The present manuscript describes two experimental studies that were conducted to explore the effects of repeated exposures and variety on fruit and vegetable acceptance in infants. The first study was designed to examine the effects of repeated dietary experience with either one fruit (i.e., pears) or a variety of fruits on infants’ acceptance of pears and green beans. We hypothesized that both types of dietary experiences would lead to greater infants’ acceptance of pears but this acceptance would not generalize to green beans since the latter tastes bitterer and less sweet than pears. Because rejection of bitter taste is innate [13], infants may need actual experience with bitter taste, more exposures, or a different type of variety experience to enhance acceptance of green vegetables [14].

The second study determined whether different dietary variety experiences affect infants’ acceptance of the target vegetables. We tested the hypothesis that experience with a variety of vegetables within a meal as well as between meals would lead to greater acceptance of vegetables since animal model studies revealed that rats repeatedly offered foods, albeit more palatable, both within- and between- meals ate more than those exposed to variety between meals (i.e., every 12 h); both variety groups ate more than those exposed only to lab chow [15].

2. Methods

2.1. Subjects

Seventy-four mothers whose infants were between the ages of 4 and 9 months were recruited from advertisements in local newspapers and from Women, Infant and Children Programs in Philadelphia, PA. Their ethnic background was 55.4% (N=41) Black; 29.7% (N=22) White; 2.7% (N=2) Hispanic and 12.2% (N=9) Other/Mixed Ethnicity. All infants were born full-term and healthy as reported by their mothers. To qualify the infants had to have at least two weeks of experience eating cereal or fruit from a spoon and little experience with the target fruits and vegetables. The Office of Regulatory Affairs at the University of Pennsylvania approved all procedures and informed consent was obtained from each mother prior to the study.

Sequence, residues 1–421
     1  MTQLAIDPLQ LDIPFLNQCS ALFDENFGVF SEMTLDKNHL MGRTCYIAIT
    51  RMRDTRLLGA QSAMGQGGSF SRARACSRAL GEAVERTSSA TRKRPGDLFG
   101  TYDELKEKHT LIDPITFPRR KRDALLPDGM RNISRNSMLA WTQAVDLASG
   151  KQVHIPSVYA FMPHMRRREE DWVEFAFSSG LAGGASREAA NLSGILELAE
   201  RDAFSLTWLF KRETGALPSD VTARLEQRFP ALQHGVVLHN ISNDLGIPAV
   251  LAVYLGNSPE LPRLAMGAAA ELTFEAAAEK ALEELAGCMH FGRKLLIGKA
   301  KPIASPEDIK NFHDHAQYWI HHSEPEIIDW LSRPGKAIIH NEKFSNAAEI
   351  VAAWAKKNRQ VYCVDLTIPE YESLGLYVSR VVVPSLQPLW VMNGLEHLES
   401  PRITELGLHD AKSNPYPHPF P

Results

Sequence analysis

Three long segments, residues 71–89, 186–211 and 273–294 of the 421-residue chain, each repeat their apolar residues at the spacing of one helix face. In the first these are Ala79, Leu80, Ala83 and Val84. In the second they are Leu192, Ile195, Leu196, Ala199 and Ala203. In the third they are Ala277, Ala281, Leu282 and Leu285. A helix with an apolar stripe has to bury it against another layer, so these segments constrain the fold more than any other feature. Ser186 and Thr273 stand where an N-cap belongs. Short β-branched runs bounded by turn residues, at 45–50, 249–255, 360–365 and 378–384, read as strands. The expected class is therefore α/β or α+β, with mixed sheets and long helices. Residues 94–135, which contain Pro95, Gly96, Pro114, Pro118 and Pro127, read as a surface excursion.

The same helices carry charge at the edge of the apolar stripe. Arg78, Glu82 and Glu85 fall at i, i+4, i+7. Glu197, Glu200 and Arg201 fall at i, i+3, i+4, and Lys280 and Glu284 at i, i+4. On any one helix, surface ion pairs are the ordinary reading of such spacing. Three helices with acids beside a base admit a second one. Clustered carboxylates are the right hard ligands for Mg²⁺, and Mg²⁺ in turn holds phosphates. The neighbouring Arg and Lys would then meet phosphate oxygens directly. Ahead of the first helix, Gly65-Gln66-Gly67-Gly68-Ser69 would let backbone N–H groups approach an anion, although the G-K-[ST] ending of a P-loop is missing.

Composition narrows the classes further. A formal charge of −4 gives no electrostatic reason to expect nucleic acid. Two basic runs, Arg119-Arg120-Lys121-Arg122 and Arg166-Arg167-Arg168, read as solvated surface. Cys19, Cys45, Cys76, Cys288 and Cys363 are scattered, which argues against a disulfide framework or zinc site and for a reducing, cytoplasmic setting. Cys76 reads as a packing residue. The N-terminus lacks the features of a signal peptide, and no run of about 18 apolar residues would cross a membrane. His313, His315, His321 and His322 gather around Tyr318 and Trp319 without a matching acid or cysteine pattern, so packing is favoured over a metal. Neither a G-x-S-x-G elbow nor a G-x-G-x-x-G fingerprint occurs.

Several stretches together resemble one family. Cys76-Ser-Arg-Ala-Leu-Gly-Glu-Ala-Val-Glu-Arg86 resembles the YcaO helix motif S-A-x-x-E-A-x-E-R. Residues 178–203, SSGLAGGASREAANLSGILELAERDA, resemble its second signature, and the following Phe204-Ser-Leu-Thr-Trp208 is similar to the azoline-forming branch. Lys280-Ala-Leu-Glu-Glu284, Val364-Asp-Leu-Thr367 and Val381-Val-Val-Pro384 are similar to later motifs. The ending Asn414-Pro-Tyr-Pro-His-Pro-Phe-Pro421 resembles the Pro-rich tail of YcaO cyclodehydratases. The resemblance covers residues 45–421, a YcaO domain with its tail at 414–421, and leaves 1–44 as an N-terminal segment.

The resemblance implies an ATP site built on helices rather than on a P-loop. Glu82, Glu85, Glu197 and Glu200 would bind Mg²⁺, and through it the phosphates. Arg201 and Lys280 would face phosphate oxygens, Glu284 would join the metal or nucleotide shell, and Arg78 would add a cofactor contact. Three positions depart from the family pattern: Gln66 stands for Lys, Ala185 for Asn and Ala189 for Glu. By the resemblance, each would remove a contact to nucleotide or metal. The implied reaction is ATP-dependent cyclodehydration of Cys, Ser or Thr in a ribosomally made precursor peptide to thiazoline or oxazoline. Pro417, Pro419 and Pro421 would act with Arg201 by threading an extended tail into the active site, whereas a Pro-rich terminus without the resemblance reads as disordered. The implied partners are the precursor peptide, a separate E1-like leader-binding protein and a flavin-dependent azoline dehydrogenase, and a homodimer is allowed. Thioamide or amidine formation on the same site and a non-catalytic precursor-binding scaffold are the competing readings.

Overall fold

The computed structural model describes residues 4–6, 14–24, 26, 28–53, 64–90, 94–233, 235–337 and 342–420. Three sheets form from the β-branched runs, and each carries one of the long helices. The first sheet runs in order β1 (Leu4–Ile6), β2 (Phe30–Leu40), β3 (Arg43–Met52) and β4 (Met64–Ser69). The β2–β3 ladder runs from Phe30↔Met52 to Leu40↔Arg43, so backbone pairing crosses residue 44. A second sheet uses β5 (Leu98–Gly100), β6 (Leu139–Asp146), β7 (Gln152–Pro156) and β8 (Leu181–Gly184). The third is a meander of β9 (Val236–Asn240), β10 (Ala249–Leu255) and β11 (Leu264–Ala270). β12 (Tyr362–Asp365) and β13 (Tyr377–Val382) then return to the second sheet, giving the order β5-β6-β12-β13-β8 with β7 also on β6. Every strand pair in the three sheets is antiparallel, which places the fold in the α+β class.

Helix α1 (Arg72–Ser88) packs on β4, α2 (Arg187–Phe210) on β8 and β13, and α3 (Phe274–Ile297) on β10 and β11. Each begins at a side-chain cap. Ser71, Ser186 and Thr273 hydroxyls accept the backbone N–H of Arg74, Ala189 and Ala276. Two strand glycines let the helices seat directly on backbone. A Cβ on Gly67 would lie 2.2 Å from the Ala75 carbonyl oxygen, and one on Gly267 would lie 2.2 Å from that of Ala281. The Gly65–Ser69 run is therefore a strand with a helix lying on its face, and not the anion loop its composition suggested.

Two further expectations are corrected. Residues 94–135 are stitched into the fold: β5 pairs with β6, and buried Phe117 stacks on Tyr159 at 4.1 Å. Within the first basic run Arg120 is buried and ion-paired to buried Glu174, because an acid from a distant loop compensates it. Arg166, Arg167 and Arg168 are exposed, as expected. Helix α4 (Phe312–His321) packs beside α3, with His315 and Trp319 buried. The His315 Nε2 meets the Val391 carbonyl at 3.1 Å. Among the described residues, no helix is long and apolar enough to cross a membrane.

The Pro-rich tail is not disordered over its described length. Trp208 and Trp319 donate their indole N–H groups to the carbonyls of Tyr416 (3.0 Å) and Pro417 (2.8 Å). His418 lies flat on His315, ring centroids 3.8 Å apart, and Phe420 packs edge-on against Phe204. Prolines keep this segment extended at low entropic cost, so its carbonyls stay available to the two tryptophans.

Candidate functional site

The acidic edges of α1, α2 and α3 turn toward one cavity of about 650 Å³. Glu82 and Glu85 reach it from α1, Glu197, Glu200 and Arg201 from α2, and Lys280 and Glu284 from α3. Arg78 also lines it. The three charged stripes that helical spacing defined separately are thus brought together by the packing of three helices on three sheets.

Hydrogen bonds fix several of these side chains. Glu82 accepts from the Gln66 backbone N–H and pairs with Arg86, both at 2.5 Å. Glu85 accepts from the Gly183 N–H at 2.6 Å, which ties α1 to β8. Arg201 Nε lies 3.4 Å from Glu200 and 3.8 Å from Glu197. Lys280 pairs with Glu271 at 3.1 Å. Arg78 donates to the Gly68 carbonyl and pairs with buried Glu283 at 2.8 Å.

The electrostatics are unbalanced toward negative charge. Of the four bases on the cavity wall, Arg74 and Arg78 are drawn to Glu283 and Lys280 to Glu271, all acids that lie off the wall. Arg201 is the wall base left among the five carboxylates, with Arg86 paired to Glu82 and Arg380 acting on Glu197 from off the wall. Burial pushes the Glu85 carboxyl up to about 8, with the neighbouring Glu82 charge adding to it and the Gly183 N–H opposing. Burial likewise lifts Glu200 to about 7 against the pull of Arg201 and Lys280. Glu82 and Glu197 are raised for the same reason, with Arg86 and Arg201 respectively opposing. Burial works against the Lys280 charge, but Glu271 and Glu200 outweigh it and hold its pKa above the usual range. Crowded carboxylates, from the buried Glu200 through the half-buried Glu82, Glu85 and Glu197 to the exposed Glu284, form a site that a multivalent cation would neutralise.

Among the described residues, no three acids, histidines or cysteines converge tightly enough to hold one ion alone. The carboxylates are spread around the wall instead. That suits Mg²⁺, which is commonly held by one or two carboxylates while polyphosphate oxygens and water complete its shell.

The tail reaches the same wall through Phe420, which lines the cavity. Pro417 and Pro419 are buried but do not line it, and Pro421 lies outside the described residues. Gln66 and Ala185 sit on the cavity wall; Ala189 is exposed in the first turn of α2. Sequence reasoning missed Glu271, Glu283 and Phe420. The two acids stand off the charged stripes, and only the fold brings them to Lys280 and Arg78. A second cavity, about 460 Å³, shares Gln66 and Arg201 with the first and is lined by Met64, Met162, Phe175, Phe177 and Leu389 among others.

The mother–child dyads were randomly assigned to participate in one of two experimental studies and within each study they were randomized to an experimental group, as described below and illustrated in Fig. 1. Each mother–infant dyad came to the Monell Center 2 days before (Days 1 and 2) and after (Days 11 and 12) the 8-day home exposure period. The exposure occurred during a target meal that occurred at the same time of day as each of the Monell Test Sessions and the eight consecutive days of the home exposure period. Although the general procedures were similar for both studies, the types of foods fed to the infants differed between the two studies and among the experimental groups.

Fig. 1
The design of the experimental protocol for the two groups in Study 1 (Top Panel) and three groups in Study 2 (Bottom Panel) illustrating the type of foods fed on each day of the 12-day study. On days 1, 2, 11, and 12, the mothers fed their infants the ...

2.1.1. Study 1: Fruits

As illustrated in Fig. 1, we evaluated infants’ acceptance of pears on Days 1 and 11 and green beans on Days 2 and 12. During the home exposure period, one group fed only pears at the target meal (Pear Group, N=20) whereas the other group fed a fruit which was different than the one experienced during the previous 2 days (Between-Meal (BM) Fruit Variety Group, N=19). Seven additional mother–infant pairs began testing but were excluded from the final analyses because either mothers did not comply with experimental procedures (N=5); the child was sick during the home exposure period (N=1) or ate less than five grams on each of the testing days (N=1).

2.1.2. Study 2: Vegetables

As illustrated in Fig. 1, we evaluated infants’ acceptance of green beans on Days 1 and 11 and alternating spoonfuls of carrots and spinach on Days 2 and 12 (see Monell Test Sessions below). The three groups differed in the type, amount and variety of foods that infants were fed during the target meal during the 8-day home exposure period. The infants in the Green Bean Group (N=11) were fed only the target vegetable, green beans, whereas those in the Between-Meal variety group (BM Vegetable Variety Group, N=12) and the Between-Meal and Within-Meal Variety Group (BM–WM Vegetable Variety Group, N=12) were fed a variety of vegetables. The BM Variety Group was fed only one vegetable each day and green and orange vegetables were alternated daily, whereas the BM–WM Variety Group was fed two vegetables each day (one green, one orange). In the latter group, the pair of vegetables varied from day-to-day but one of the pair was experienced the prior day. Seven additional mother–infant pairs began testing but were excluded from the final analyses because either they did not comply with experimental procedures (N=2); they did not complete the study (N=2); or the child ate less than five grams during the test sessions at Monell (N=3).